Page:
I was on the phone with my best friend, Shannon, at 1 AM on Saturday night. Which is more than a little dismal, considering we were both in bed watching awful television (an indulgence I rarely get in any of my TV-less college abodes) and discussing how we were both having the worst weekends of our lives while many of our friends were doing more exciting things than whining in bed. Explaining to each other how we wanted to deal with our stressful issues in reasonable and adult manners (“UGHH I JUST WANT TO DIE, SEE YOU ON THE OTHER SIDE”), we decided that there must be something cosmic going on. Like a worst-weekend-ever virus, or astrological disposition, or something that really had me pining for Monday. Or maybe it was just us?
I have a job at a dog-walking business in San Francisco, which I have learned is a pretty normal part of many city dwellers’ everyday operations. When I was hired, I was so pumped to get to hang out with dogs on my days off class, make a little extra cash, and fill the empty hole in my heart after leaving my little dog at home. Which is really hard. Could you leave this little guy!!!!!
NOPE. WRONG. BAD IDEA, DYLAN.
When I was hired last spring, my boss decided my skills would be best put to use on the marketing side of things, so I’m not exactly the dog walker on call. But this weekend, my boss proposed that I take over the dog-sitting and -walking while she enjoyed her first weekend off in six months. Look how nice and thoughtful I am! The thing is, I didn’t even realize that I was being such a selfless, caring, thoughtful employee. I took it on for somewhat selfish reasons, because I got some billz 2 pay and a weekend in the city sounded fun. I was excited to make some cash and hang out with dogs. Because dogs are awesome, right?
Again: BAD IDEA, DYLAN.
Dogs are awesome when there is one of them. When they have a yard you can just open the door to so they can take care of their doggy deeds. When they need only one real walk a day.
I had an agenda from Friday afternoon to Sunday that included walking the dogs on a timed schedule of morning, afternoon, and before bed. This is where it gets tricky and quickly turns into the weekend that almost killed me (otherwise known as my boss’s daily life as a dog walker): three dogs belonged to my boss, and one to her boyfriend. Also on the bill were a large dog across the hall with puppy energy, and, two miles away, two bigger dogs that required extra-long walks. Did I mention one of these dogs was very ill and kept having accidents all over the apartment? Let’s do the math so you can join in on my pity party: seven dogs, in three groups, three walks a day that on average amount to 30 minutes, for three days. That’s more than a 20-hour weekend without pause walking dogs or en route in city traffic to get to the dogs, in our enormous company dogmobile. Have you ever driven in San Francisco? Did it make you nearly wet your pants? How about in a Tahoe? I was prepared to die via dog-transportation device. Jesus TAKE THE WHEEL.
After my final dog walk Sunday afternoon, I decompressed for a few minutes by lying nearly lifeless on the couch, and reflected on how spectacularly difficult that weekend was for me, even though what I had done was only to take over my boss’s regular dog-walking responsibilities (and not any of the other stuff she deals with uncomplainingly on a daily basis, like business, personal, and domestic stuff) … for just a weekend. This weekend was a glimpse into her everyday life. And while by the end of it I thought I would cry if another dog even glanced at me, I realized I had allowed her to have just a moment of a real weekend, which is something that I always take for granted.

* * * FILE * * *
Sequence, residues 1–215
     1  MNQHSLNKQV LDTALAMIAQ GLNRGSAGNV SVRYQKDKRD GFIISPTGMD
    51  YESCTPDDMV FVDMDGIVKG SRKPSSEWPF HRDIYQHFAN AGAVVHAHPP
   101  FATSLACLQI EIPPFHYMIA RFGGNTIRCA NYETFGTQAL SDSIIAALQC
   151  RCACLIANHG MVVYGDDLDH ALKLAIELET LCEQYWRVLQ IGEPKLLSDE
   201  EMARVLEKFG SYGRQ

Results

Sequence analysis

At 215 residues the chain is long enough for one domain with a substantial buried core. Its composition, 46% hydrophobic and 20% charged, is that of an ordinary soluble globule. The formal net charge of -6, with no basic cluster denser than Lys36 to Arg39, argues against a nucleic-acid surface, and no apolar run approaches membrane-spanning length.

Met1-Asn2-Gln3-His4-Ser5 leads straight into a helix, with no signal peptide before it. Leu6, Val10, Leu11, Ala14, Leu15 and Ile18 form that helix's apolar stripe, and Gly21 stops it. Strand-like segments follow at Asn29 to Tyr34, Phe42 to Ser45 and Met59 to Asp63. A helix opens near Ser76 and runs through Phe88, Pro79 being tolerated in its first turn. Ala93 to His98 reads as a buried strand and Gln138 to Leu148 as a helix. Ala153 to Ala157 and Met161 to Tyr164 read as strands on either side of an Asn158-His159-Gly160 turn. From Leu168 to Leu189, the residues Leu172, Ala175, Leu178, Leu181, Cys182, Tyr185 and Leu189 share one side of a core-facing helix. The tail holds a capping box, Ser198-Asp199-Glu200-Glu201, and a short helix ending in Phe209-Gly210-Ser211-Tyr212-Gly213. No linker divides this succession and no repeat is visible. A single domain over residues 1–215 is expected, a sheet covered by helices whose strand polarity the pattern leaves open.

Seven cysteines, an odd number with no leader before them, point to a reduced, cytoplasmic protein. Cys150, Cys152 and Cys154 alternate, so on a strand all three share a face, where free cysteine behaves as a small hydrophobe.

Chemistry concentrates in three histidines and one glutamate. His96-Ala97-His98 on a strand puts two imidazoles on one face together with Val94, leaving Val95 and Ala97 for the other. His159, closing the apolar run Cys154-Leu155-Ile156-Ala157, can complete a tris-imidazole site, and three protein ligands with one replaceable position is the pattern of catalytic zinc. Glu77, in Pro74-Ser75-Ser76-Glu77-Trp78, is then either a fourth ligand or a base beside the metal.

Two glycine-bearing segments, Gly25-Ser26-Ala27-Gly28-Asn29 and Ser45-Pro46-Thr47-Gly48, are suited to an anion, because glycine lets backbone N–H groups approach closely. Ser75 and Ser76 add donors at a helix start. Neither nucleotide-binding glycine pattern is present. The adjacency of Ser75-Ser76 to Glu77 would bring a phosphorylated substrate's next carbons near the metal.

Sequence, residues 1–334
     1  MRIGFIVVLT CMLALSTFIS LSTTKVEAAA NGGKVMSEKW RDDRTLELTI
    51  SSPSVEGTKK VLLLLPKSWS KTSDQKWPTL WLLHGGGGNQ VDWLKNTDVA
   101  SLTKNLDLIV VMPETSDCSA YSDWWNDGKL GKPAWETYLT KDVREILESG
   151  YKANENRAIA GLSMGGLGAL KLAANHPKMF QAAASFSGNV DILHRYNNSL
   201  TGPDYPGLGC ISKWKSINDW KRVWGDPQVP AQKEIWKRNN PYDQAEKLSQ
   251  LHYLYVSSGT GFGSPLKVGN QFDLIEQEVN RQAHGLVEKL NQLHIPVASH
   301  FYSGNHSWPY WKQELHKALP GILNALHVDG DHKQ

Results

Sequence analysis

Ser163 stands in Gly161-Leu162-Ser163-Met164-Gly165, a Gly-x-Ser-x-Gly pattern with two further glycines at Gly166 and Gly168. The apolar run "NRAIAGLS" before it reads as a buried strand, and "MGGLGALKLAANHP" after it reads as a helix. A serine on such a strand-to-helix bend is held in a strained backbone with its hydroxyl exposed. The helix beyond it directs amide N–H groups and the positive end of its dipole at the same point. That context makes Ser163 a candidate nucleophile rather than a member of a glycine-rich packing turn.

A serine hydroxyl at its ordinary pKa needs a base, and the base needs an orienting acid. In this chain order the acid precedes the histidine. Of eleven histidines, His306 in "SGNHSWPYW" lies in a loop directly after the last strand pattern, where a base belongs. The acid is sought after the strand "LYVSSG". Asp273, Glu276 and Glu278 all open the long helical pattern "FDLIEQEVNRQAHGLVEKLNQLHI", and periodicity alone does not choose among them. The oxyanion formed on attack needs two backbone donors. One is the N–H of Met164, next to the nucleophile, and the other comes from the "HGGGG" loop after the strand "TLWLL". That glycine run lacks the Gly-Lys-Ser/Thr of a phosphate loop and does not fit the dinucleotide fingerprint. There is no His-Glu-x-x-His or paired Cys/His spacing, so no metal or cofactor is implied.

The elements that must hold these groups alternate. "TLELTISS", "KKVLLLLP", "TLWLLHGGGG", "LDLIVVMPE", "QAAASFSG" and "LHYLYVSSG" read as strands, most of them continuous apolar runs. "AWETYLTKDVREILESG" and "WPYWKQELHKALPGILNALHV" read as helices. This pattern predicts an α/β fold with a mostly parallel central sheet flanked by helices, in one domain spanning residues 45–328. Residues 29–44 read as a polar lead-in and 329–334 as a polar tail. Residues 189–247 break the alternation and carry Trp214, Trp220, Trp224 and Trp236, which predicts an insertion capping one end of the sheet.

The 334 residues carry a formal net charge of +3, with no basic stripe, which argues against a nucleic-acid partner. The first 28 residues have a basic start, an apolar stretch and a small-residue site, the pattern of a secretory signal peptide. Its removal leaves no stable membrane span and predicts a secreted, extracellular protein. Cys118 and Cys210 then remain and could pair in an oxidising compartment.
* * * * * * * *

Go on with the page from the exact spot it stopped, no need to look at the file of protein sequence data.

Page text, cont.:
So before I made my trek back to Oakland to hide in my bed away from all dogs forever, I decided to bake my boss a batch of cupcakes. She is unfortunately cursed with serious gluten, dairy, and soy allergies, and we’ve had multiple discussions about how much she misses the pleasures of those allergy-triggering substances. I’m very ambitious in the kitchen, so I decided to take on the challenge. I’d made a lot of vegan cupcakes before, and I had vegan frosting down pat. I whipped up a batch to top delicious vanilla gluten-free cupcakes filled with jam, garnished with turbinado sugar and a berry on top. So cute! Avoided all allergies! Pat myself on the back for being such a talented baker and also a very thoughtful employee and friend!!! My weekend had finally turned around.
And then … I noticed a couple of things. A couple of sad things. First, I checked the vegan shortening I had used in the frosting. I saw in tiny print on the back the package proclaimed that the frosting actually contained soy. I went to the bedroom to throw myself on the bed and cry about it, when I noticed my boss’s sick dog had pooped on a pile of her dirty laundry. Sometimes, apparently, your weekend just hasn’t been shat on enough.
I left the cupcakes in the fridge, because I already had too much stuff to carry home, with a note reading “I really wanted to leave you cupcakes you could eat, but I realized at the last minute that the frosting has soy…” with lots of frowny faces, which apparently my boss didn’t see, because the next day she posted a picture of the cupcakes on a plate, ready to be eaten, on Facebook, and I had to warn her not to touch them or she might die.
But hey, selfless acts, right? ♦